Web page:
Evil vs. the Angels of Stony Island
by Jim Heaney

No answer. I wished Franco was still around; he’d enjoy going on the record about the guy from the Illinois AG’s office I’d met in his coffee shop.
Stokis sat silent for a moment, as did Joan Safford. Then my lawyer spoke up.
“I’ll answer for you, Ms. Safford. They didn’t care. She was just one person. Only one person, Miss Safford.” “The state Attorney General’s Office is not on trial here.”
“Perhaps not, but government is supposed to protect its citi- zens. How did you know Nick was in Washington, Ms. Safford?”
“We had information that suggested…”
Stokis interrupted her.
“Wrong. My client tipped you off. The night Nick phoned, Jim picked up the phone in his apartment and waited for the tap. When he heard the click, he deliberately referenced Nick’s location by talking about Washington and Jimmy Carter. That’s your ‘information that suggested’ where Nick was, and to a reasonable person, that information also ‘suggests’ cooperation—and a plea for help.”
Joan Safford stood up, pushed her chair back and leaned over the table. “The only plea I’m interested in is a guilty plea from your client.”
I motioned to the chair and said, “Please sit down. There’s something you may not have considered.”
She stood there a moment longer, staring me down, then slowly sat back down.
“We have a common interest and common problem. We both want Nick in a cage, but if I prove people found apartments, he’ll walk. Neither of us want that.
“But what if this afternoon you will be able to state that I have agreed to plead guilty to one count of fraud. I heard on the radio that Nick Sure has been apprehended. All I’m asking for is a way we both win. What if you were able to state to Nick that one of the ten conspirators had admitted his guilt and it is your intention upon conviction that all the fine money collected would be disbursed as restitution to the victims? It would be good for you. Think about it. The other nine defendants will think I’ve made a deal and they’ll fall all over themselves turning on each other. They’ll rush to bargain with you, which will lead to more convictions, which leads to your stack of evidence against Nick. Certainly you’ll be able punish him accordingly.”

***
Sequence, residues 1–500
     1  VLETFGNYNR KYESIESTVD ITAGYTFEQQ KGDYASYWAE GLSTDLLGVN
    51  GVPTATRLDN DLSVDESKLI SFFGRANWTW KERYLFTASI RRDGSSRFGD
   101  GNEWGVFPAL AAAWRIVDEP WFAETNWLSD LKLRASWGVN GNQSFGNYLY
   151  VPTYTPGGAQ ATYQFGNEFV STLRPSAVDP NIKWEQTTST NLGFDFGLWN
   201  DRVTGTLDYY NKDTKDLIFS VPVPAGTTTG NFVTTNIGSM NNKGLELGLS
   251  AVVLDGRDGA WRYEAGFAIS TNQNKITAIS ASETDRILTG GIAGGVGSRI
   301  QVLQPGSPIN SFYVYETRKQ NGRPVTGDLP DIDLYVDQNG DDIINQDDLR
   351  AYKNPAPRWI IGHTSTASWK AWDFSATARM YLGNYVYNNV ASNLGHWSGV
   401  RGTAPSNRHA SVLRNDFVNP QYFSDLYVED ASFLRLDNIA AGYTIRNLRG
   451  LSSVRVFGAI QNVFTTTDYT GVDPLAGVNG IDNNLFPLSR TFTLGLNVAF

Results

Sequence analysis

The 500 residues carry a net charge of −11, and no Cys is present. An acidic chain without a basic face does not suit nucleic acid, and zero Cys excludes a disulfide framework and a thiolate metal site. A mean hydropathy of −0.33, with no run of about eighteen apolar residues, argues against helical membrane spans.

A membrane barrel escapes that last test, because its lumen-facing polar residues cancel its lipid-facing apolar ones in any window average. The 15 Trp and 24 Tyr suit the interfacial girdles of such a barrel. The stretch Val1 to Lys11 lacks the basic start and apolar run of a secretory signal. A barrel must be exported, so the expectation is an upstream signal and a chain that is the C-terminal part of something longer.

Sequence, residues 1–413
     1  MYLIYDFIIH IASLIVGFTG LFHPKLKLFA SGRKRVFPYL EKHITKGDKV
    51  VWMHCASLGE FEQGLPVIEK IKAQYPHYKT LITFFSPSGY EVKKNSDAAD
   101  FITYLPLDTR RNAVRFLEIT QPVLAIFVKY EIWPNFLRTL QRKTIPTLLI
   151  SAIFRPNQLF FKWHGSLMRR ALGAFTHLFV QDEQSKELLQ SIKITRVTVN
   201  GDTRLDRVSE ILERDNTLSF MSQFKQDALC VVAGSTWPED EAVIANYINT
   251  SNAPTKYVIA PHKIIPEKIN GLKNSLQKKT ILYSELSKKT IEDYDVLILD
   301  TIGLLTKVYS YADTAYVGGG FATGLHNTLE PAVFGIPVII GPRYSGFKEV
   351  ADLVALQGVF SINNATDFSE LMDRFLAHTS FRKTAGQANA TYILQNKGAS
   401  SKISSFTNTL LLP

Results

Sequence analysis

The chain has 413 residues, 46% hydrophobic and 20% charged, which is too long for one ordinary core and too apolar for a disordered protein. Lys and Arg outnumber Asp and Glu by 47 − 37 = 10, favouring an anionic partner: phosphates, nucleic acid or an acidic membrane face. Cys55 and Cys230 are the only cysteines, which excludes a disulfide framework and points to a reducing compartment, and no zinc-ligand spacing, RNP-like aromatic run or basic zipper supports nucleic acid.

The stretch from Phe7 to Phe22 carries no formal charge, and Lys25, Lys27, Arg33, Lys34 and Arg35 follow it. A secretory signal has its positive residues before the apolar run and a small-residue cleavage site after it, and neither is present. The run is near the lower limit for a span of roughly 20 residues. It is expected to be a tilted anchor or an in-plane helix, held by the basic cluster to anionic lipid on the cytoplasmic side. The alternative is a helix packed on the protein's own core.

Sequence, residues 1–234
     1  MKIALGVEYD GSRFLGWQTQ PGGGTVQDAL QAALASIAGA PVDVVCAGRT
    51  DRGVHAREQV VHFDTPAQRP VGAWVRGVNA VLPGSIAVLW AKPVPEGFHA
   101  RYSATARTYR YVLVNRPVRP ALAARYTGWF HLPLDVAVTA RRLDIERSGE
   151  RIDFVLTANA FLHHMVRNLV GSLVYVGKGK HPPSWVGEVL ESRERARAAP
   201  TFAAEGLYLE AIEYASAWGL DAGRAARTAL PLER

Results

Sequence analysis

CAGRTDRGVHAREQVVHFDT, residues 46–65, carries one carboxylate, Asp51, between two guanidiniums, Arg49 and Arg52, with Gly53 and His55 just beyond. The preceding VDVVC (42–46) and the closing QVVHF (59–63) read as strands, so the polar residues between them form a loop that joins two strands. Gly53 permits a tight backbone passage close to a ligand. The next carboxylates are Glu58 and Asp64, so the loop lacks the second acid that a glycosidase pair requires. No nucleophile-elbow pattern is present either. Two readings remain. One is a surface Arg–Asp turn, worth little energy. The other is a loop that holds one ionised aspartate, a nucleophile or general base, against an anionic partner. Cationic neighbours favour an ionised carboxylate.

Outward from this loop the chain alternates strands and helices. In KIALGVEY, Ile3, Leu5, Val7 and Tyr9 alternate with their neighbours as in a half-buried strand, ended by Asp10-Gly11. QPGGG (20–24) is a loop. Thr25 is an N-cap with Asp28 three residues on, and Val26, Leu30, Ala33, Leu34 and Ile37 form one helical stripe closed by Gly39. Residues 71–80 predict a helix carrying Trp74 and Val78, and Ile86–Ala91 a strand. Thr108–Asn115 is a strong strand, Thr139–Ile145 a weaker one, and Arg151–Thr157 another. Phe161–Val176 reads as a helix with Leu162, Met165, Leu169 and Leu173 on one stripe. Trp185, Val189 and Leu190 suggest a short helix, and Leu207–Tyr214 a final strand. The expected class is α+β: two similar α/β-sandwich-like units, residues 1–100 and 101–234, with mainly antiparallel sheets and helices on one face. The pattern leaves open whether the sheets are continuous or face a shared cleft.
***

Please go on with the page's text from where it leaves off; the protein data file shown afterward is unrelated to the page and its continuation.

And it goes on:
“So you’ll plead guilty to all twenty-one counts?” Safford asked. “No. you drop twenty counts and I’ll plead guilty to one. you supply a written suggestion to the judge that I be sentenced to probation with strict sobriety guidelines and verified attendance at AA meetings. If I drink or break any of the probation rules, I do the full five years without a whimper. There’s your deal. It’s good for you, it’s good for me. everyone wins.”
“And you will give us information on the other wrong- doing?”
“No, that’s not my way. Trust me—they’ll each point to one another. you’ll get what you need.”
She sat back in her chair and thought for a few seconds. “The new U.S. Attorney will have to approve the sentencing recommendation, but for now, we can agree in principle.”
On the ride down the elevator in the Dirksen Building, I asked Richard what he thought.
“She’s tough.”
“Let’s stall and wait for Reagan to approve the new guy. Hope- fully, it won’t be her.” Richard chuckled.
“She doesn’t have any files, just complaints. you’re the one with the files documenting the people who received apartments. That’s your chip out of this.”
Over the next several months, I was questioned continuously about the rental scheme. I gave handwriting samples and was picked out of line-ups. As the days wore on, Joan Safford became more insistent about seeing my files. When I resisted, she threatened me with a seven-year jail term. I held fast and continued to insist that I was willing to take my chances with a trial because, after all, we had records showing that people did find apartments.
In the meantime, her case held in the wind because I would be able to balance out her claim of fraud and prove Nick Sure innocent as well. Her dislike for crooks was pretty apparent, and rightly so; we thought she was going for the maximum prison term. In that, she seemed to have full support from Acting U.S. Attorney Gregory Jones. [After Thomas Sullivan resigned, the appointment of his successor was held up by President Reagan for several months because the logical candidate had successfully prosecuted some high-ranking Republicans.] I was waiting for yet another interview when Joan Safford walked through the waiting room.
“Do you know what I’m hearing from the others?” she asked. “They’re saying that it was your plan, that from the day you walked in the office, it was a high-wire act. They’re also saying that almost $150,000 was stolen from them. It was in a back office safe and that you stole it.”
I looked at her and laughed.
“And you believe them? They’re cons! They’re doing what they do best!”
She nodded and said, “exactly. I believe this is an elaborate scheme by you from front to back and that as soon as it’s over, you’ll disappear with the money you stole from Nick Sure.”
“I’m not that good, Ms. Safford,” I exploded.
She dismissed my remark with a wave of her hand. “you’re not fooling me.”
I dismissed her right back.
“We’re through playing games, Ms. Safford. I’m going to trial with the others and I’m going to beat you because I can. See you in court.”
I brushed by her and walked out.

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